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Abstract: FR-OR13

Proteomic Analysis Reveals Proteins Associated Exclusively With Urinary Muddy Brown Granular Casts

Session Information

  • AKI Research: Mechanisms
    November 04, 2022 | Location: W230, Orange County Convention Center‚ West Building
    Abstract Time: 04:48 PM - 04:57 PM

Category: Acute Kidney Injury

  • 103 AKI: Mechanisms

Authors

  • Janech, Michael G., College of Charleston, Charleston, South Carolina, United States
  • Fongheiser, Elizabeth Ann, College of Charleston, Charleston, South Carolina, United States
  • Compton, Noah F., College of Charleston, Charleston, South Carolina, United States
  • Bland, Alison, College of Charleston, Charleston, South Carolina, United States
  • Neely, Benjamin A., National Institute of Standards and Technology Material Measurement Laboratory, Charleston, South Carolina, United States
  • Varghese, Vipin, Ochsner Medical Center, New Orleans, Louisiana, United States
  • Velez, Juan Carlos Q., Ochsner Medical Center, New Orleans, Louisiana, United States

Group or Team Name

  • Ochsner Nephrology
Background

The presence of “muddy” brown granular casts (MBGC) in the urinary sediment is pathognomonic for acute tubular injury (ATI), but the composition of MBGC remains understudied and no proteomic studies have been reported. Because MBGC are only visualized via manual inspection by microscopy, a diagnostic test to identify MBGC without microscopic inspection of the urine could be clinically useful. Unlike most acute kidney injury (AKI) biomarker discovery approaches, we hypothesized that MBGC-enriched urinary sediment (MBGC-sedi) contains unique proteins that could serve as biomarkers of ATI.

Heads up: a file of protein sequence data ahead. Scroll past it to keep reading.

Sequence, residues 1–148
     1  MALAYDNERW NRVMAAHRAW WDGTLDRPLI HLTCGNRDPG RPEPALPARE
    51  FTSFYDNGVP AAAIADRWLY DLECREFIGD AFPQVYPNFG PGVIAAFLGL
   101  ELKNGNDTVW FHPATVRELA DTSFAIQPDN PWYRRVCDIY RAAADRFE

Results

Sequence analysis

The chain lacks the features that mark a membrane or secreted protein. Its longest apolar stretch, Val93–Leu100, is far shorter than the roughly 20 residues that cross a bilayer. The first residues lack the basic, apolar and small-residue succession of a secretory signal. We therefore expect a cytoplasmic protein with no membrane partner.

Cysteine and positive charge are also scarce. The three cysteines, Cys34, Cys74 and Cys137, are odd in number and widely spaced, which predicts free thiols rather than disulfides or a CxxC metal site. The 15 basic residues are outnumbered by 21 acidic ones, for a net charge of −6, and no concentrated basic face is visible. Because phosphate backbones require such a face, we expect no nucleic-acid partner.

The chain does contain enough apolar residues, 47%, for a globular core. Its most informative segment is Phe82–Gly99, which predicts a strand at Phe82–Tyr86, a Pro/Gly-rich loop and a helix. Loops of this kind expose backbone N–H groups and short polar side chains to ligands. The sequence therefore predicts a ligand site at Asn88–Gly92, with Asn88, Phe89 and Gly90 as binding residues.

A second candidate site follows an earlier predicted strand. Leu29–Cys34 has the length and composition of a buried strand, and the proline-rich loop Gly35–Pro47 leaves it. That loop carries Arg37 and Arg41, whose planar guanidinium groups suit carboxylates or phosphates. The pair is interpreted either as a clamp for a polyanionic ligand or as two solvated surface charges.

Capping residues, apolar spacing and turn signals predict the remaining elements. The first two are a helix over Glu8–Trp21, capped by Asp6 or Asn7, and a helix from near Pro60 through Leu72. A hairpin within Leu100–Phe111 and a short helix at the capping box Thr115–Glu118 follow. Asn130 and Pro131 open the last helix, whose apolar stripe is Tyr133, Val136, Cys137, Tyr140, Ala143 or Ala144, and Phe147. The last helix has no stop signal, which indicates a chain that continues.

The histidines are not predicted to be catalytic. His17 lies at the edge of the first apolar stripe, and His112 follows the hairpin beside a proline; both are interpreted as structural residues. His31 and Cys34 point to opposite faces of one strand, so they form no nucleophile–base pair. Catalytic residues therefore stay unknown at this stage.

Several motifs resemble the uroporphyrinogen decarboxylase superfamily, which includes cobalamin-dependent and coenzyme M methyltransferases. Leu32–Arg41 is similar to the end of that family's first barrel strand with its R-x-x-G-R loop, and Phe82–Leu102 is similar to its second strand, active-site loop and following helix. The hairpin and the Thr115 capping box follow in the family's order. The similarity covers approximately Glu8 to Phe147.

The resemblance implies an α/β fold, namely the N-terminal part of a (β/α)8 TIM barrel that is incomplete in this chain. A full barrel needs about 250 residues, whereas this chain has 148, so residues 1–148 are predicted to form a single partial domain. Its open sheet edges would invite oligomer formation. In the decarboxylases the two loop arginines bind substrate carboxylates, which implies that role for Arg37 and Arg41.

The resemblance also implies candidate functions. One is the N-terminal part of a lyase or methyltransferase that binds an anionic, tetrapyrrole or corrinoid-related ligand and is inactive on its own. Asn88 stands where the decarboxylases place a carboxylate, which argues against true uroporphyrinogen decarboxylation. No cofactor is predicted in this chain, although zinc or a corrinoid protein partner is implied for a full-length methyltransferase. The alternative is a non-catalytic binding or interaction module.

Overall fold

Methods

MBGC were enriched from 12 patients with AKI using a series of cell strainers (mesh size: 40 - 100µm). Enriched MBGC, matching urine supernatant samples, and urine sediments controls without MBGC (N=6) were proteolytically digested using S-traps and analyzed using tandem mass spectrometry. Proteins were identified by MASCOT and accepted at 1% false discovery. Identified proteins were quantified by weighted spectral count and ranked using exponentially modified protein abundance index (emPAI). ANOVA was utilized to filter proteins that were enriched in MBGC samples versus sediment lacking MBGC or urine supernatant.

Results

A total of 3367 proteins were identified across all MBGC samples (mean±SD = 1976±243 proteins/sample). The most abundant proteins in MBGC samples were Ig kappa constant region and retinol-binding protein 4. Although abundant, uromodulin had a mean rank of 15 across all MBGC samples. A total of 272 proteins were higher in MBGC compared to urine supernatant or control sediment without MBGC. Only one protein was exclusive to all MBGC samples, adrenodoxin, a small 19 kDa iron-binding mitochondrial protein known to be expressed in kidney tubules. A second protein, PDZ/LIM domain protein 1 was exclusive to 11 out of 12 MBGC samples and is involved in cytoskeletal stress fiber assembly in fibroblasts.

Conclusion

Mitochondrial adrenodoxin (ferrodoxin) and PDZ/LIM domain protein 1 may constitute a biomarker of MBGC presence and serve an alternative method to urine microscopy for identifying the presence of MBGC. We conclude that urinary adrenodoxin and PDZ/LIM domain protein 1 are potential target proteins for ATI diagnosis.

Funding

  • NIDDK Support